The great province of Fatih covers the entire 15.5 km2 area also known as the historical peninsula. This area has been the capital of Constantinople during the Byzantium Empire and Istanbul, during the Ottoman Empire. Hence, it's no wonder that the oldest and most beautiful historical buildings and artifacts are in this area, which makes it one of the most visited places in the entire city. Always a center of attraction for tourists and locals alike, Fatih is comprised of 57 neighborhoods and includes all of the famous 7 hills of Istanbul. Its coastline borders on the Bosphorus, the Sea of Marmara and the Golden Horn. The region's history spans 8 millennia, as evidenced by the latest archeological finds during the construction of Marmaray, an underground rail tunnel connecting Asia and Europe.
Even if you're just spending a few days in the city as a tourist or if you're planning to study, live or invest in Istanbul, Fatih is one of the primary provinces that should be on your radar. It has the highest concentration of historical landmarks, palaces, mosques, hammams, museums, bridges, cisterns, aquaducts and bazaars in the country and must be considered among the world's most historically and culturally important areas. The name comes from Sultan Mehmet II, the conqueror of Istanbul, who was given the Fatih (conqueror in Turkish) title after the most important conquest of the Ottomans. The area houses some of Istanbul's oldest and most respected educational and medical institutions. It is also one of the most accessible areas in the city, being an important hub for public transportation. Connecting to the rest of Istanbul via bus, tram, ferry and subway lines, it can be reached very easily. This contributes to its popularity as an ideal zone for real estate investment in Istanbul.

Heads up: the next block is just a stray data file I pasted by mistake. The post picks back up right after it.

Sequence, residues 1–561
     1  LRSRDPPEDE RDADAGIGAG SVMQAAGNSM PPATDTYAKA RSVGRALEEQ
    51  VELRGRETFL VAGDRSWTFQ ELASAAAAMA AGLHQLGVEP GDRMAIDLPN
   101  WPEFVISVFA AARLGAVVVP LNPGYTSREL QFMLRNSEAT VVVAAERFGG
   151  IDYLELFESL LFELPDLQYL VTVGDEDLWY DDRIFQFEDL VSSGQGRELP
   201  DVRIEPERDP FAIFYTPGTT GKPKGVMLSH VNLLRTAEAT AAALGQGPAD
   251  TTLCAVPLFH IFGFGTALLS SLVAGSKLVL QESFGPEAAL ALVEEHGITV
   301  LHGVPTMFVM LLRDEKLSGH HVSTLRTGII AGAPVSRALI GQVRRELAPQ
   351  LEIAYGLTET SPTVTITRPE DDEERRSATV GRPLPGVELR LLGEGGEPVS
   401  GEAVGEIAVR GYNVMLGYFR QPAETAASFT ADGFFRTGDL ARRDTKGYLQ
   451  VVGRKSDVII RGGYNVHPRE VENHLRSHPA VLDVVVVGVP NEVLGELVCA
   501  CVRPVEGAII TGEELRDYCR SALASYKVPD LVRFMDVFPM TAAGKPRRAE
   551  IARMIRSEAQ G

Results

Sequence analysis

It's impossible to talk about all the must-see historical treasures in the area, as it would literally mean writing a whole book. However, one cannot talk about Fatih without mentioning the following world-famous buildings and sites: The Hagia Sophia, Sultan Ahmet Mosque (The Blue Mosque), Byzantine-era city walls, Topkapı Palace, the Grand Bazaar and the Spice Bazaar. Leaving Istanbul without having seen these would be a very regretful thing to do. If you're even more curious about culture and history, we also recommend the Fatih, Süleymaniye, Nuruosmaniye and New Mosques, Hagia Irene, the Basilica Cistern, the Bozdoğan (Valens) Aquaduct, Chora Church (converted first into a mosque and now, a museum), Istanbul Archeology Museum and the Turkish and Islamic Arts Museum, among numerous others.
Fatih is a cosmopolitan area, where different groups representing the Armenian, Jewish, Greek minorities continue living. Lately, there has also been an increase in the number of people from Kurdish and Arabic origin, who have chosen to live in the area. Its commercial, educational and social opportunities help attract many people, who prefer living in an area with a historical heritage and dynamic modern lifestyle. This has resulted in Fatih becoming a major player in the market for property investment in Istanbul. Istanbul University, with its historical Beyazıd campus and many faculties and departments draws local and foreign students alike. Çapa and Cerrahpaşa are among the best public hospitals in the city.